Everyone should be concerned about China’s growing leverage over the U.S. agricultural industry, and the accompanying national security risks. While we’ve been focused on Chinese land purchases near our military bases, it’s high time we discuss the implications of China’s influence on our food security.
Representative Dan Newhouse (R-WA) has expressed his concerns over Chinese ownership of U.S. farmland, emphasizing that control over any link in our food supply chain could become a vulnerability in the future. Daleep Singh, former deputy national security adviser for international economics on the Biden National Security Council, agrees, stating that food security is both an economic and national security issue.
Despite some experts claiming that China’s land holdings in the U.S. are too small to threaten food shortages, Senator Chuck Grassley (R-IA) has argued that foreign ownership of U.S. farmland poses a significant risk to food security. He points out that nearly half of U.S. farmland is owned by people aged 65 or older, with nearly 100 million acres expected to change ownership over the next decade – a red flag that Congress needs to address.
To tackle this issue, Sen. Grassley proposed the “Food Security is National Security Act” in 2021, which aims to add the secretary of agriculture to the Committee on Foreign Investment in the United States. This panel would focus on transactions, such as Chinese land purchases, which could threaten U.S. national security.
Aside from the risk of China exporting too much American-grown food, there are other food security concerns arising from foreign entities buying agricultural land and converting it to other uses. For example, foreign companies have bought up farmland and leased it out for wind turbines, cutting down on food production and disrupting local markets.
According to the U.S.-China Economic and Security Review Commission, China is seeking leverage over U.S. agriculture. Unable to solve its own food security problems, China has turned to other countries for agricultural resources, investments, and acquisitions. The commission warns that if further consolidations and Chinese investments in U.S. agricultural assets occur, China may gain undue leverage over U.S. supply chains.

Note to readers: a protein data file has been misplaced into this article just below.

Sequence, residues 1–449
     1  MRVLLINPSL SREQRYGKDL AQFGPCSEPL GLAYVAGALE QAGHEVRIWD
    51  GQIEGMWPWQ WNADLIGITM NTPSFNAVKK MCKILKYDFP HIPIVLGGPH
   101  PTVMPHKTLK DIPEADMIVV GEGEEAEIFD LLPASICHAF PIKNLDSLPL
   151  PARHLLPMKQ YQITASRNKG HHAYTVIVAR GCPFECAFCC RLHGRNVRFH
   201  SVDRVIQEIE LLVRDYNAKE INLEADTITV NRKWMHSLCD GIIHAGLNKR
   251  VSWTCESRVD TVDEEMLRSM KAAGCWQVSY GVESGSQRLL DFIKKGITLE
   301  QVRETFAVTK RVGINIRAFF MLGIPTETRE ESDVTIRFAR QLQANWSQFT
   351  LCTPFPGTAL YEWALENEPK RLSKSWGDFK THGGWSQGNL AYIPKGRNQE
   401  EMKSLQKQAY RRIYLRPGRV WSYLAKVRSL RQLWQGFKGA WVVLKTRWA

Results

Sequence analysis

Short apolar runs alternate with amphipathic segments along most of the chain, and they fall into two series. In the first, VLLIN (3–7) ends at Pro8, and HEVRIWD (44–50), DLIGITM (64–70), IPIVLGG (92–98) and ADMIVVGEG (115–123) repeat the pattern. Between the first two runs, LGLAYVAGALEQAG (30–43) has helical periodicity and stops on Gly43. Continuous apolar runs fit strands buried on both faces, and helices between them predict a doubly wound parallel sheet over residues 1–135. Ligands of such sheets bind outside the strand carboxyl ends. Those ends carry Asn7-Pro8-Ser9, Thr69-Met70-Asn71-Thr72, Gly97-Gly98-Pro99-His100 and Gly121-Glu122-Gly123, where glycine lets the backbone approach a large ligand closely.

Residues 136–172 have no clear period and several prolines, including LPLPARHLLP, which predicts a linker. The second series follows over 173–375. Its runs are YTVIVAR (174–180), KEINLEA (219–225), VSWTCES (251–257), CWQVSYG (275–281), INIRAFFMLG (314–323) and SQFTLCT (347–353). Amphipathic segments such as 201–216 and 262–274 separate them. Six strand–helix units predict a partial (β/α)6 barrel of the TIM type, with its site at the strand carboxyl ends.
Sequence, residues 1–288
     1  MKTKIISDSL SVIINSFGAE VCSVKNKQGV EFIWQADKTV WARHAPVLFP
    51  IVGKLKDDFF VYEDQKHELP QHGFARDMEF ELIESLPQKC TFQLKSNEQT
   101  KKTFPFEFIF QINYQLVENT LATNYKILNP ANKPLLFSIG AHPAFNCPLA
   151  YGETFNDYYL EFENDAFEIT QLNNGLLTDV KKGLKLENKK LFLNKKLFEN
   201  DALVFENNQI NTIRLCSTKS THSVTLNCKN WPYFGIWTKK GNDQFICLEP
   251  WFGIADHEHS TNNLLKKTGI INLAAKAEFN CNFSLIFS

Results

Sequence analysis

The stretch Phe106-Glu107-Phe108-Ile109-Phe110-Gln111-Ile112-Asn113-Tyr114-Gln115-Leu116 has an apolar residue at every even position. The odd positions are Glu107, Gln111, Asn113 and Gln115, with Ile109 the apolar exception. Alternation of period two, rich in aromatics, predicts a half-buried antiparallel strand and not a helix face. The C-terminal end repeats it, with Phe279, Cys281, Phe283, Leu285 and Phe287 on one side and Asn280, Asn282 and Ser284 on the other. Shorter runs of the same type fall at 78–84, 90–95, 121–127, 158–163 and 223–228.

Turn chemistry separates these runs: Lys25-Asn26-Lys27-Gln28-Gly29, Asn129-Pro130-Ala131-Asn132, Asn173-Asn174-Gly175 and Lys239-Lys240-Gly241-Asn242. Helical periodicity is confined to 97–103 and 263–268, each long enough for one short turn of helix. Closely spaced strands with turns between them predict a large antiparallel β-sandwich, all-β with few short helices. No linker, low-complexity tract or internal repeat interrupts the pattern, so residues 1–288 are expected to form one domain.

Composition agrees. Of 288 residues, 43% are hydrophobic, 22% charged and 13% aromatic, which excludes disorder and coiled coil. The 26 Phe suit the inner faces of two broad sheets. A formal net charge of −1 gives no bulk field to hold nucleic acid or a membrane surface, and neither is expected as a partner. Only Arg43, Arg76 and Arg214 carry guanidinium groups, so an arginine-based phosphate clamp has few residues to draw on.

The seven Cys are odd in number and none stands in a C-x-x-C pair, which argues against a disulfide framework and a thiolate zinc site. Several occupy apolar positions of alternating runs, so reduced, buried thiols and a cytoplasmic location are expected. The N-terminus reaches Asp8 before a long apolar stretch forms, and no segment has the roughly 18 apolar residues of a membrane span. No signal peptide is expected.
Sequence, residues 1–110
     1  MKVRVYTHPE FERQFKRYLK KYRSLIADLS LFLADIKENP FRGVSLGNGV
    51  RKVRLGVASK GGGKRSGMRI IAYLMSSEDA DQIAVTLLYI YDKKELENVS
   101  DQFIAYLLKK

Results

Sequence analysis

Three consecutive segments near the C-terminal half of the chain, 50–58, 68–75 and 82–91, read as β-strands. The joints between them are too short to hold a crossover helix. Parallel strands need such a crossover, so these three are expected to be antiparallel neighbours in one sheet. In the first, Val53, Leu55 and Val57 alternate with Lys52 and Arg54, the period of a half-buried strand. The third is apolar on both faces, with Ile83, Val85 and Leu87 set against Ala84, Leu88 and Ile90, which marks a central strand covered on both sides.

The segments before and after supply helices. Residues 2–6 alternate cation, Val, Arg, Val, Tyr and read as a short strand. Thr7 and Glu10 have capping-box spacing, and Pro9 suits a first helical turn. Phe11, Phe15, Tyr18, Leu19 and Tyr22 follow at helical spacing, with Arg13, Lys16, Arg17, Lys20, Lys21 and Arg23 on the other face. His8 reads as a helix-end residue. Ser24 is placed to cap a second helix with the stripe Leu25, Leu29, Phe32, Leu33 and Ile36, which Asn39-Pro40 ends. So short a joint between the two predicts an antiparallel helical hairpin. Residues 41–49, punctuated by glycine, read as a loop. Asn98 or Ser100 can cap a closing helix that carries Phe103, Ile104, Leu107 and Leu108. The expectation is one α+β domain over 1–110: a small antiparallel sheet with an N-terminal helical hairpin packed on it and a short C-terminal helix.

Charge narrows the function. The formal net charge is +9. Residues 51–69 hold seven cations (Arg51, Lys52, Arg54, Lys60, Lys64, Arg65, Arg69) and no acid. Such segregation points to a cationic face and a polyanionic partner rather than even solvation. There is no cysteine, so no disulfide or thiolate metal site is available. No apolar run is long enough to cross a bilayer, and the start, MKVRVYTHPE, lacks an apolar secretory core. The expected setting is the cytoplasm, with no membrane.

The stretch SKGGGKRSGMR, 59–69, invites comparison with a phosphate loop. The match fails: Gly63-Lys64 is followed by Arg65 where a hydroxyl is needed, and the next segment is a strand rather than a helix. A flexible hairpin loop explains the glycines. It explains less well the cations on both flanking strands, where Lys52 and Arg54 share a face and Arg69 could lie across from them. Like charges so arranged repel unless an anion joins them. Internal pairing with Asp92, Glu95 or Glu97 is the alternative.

Moreover, there are concerns about China’s access to U.S. agricultural intellectual property. China could use this information to erode U.S. competitiveness in agricultural technology and discover vulnerabilities in U.S. crops. Additionally, China’s illicit acquisitions of genetically-modified seeds could provide a jumpstart to their own development and deprive U.S. companies of revenue.
“The more nefarious route, the commission noted, could involve Chinese scientists experimenting on the American-made seed formulas until they turn those seeds into weapons to wipe out U.S. crops. ‘The potential weaponization of genetically-modified organisms, like genetically-modified seeds, also poses a threat to U.S. economic and food security, which could be at risk if genetically-modified seed code is used to create a bioweapon,’ the commission added.”
FBI Director Christopher Wray has also voiced his concerns over Chinese theft and meddling in U.S. affairs. He specifically mentioned agriculture as a target sector, with Chinese scientists stealing U.S. agricultural IP and technology rather than developing them themselves. This theft could enable Chinese agribusinesses to undercut U.S. competitors on international seed markets.
It’s clear that China’s influence on U.S. agriculture raises some serious national security concerns, and it’s time for our government to take action to protect our food security and supply chains. Let’s make sure we address this issue before it’s too late.